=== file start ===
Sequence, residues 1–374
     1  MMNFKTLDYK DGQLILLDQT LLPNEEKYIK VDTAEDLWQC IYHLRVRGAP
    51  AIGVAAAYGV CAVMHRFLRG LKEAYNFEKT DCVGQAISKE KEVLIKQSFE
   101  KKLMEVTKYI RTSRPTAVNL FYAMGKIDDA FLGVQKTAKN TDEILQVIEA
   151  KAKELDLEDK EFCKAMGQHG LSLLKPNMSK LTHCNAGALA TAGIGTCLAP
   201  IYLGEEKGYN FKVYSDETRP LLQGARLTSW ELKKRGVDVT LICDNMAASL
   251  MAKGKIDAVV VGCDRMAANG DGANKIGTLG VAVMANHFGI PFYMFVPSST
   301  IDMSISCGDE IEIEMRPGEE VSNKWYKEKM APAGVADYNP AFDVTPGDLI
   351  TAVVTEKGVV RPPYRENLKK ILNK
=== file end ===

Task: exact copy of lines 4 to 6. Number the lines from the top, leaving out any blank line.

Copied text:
   101  KKLMEVTKYI RTSRPTAVNL FYAMGKIDDA FLGVQKTAKN TDEILQVIEA
   151  KAKELDLEDK EFCKAMGQHG LSLLKPNMSK LTHCNAGALA TAGIGTCLAP
   201  IYLGEEKGYN FKVYSDETRP LLQGARLTSW ELKKRGVDVT LICDNMAASL